The LEEDR project promotes the development of cross-disciplinary research methods and seeks to gain new insights brought to bear by the application of the disciplinary lenses of Engineering, Ethnography and Design. The outcomes from the work aim to help the UK towards achieving the 2050 CO2 reduction targets.

There is no doubt that we need to reduce energy demand. However our work is also set in the complex context of debates around how this might be achieved. These debates are led by political and governmental agendas, by climate science and also by social scientists and humanities scholars from different disciplines –such as anthropology, sociology, human geography and psychology.

Our work has focused on households and their energy demand at home. However we are of course aware that the “problem” is much bigger than reducing energy demand in homes amongst householders. While domestic homes are significant consumers of energy, this does not automatically mean that convincing householders to use less energy is the only answer to the “problem” – or, it is important to stress, that the householders themselves were the problem to start with. Therefore scholars from different academic disciplines are advancing not only arguments about energy and how people use it, but also arguments about how they understand society and how it works. This creates a complex context to navigate, and indeed it needs to be critically navigated — in order to understand what each approach can contribute to an interdisciplinary way of understanding how and where energy use is impacting on the world and how and where we might best make changes.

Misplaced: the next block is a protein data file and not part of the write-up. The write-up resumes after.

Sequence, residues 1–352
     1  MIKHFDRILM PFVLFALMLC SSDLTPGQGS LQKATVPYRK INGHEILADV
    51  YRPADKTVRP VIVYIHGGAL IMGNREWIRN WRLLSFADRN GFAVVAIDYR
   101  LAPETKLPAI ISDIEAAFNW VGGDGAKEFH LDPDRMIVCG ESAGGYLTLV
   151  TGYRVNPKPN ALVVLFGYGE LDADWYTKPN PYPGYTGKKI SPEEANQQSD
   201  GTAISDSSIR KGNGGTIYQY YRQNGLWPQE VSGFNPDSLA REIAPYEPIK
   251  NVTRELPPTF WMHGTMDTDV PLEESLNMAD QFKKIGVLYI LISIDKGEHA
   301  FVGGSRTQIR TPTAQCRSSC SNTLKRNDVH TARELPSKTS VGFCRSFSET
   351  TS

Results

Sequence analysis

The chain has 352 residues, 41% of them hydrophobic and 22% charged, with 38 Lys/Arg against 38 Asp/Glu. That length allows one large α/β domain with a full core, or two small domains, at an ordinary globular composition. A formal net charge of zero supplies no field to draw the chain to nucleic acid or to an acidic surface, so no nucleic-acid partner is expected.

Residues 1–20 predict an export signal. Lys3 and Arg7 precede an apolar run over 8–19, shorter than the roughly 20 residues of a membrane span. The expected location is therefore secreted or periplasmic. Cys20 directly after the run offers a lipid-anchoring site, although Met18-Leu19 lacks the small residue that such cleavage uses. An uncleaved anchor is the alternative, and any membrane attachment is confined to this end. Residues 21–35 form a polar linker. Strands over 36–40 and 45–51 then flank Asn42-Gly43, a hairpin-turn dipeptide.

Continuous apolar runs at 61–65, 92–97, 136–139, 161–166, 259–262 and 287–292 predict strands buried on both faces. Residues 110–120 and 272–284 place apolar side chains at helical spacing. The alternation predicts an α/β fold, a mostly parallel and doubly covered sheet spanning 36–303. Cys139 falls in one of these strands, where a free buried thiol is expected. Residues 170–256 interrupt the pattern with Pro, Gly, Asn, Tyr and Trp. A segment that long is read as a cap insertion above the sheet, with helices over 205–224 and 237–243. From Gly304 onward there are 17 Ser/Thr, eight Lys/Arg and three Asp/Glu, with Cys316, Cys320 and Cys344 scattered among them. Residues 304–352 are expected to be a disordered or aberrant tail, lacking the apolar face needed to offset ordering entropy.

Our approach to energy demand is rooted in an interdisciplinary way of using social anthropology research and theory, to understanding the home, energy and digital media. This means that as well as using our expertise in anthropology to understand the ways in which people live out their everyday lives, and to get under the surface of what initially appears obvious, we also draw on research and approaches in human geography, design scholarship and practice and engineering research.

Applied anthropology research shows us that often research questions need to be addressed indirectly. This means that it might not be by directly studying energy or asking people about how they use their energy that we can best understand energy is used or how to reduce energy demand. Instead we need to start off by seeking to understand the experiences, activities and environments in which people ‘need’ to use energy, and how they feel about and engage with these. This is why we began our research with the question of how people create the atmosphere of home, rather than the question of how people consume energy. We were always interested in energy, but only in the context of its use always being part of the wider configuration of things, persons and processes through which everyday life is lived in the home.